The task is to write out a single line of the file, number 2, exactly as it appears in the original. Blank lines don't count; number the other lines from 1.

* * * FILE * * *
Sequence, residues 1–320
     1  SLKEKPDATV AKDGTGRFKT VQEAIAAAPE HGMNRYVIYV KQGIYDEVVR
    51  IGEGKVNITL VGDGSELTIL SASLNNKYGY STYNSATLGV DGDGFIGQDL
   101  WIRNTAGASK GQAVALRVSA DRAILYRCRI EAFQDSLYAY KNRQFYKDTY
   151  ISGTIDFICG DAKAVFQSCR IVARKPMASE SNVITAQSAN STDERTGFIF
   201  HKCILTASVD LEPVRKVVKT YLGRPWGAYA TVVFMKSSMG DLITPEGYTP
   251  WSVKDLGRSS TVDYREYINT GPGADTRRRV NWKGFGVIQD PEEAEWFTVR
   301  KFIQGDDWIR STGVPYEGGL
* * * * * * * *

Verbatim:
     1  SLKEKPDATV AKDGTGRFKT VQEAIAAAPE HGMNRYVIYV KQGIYDEVVR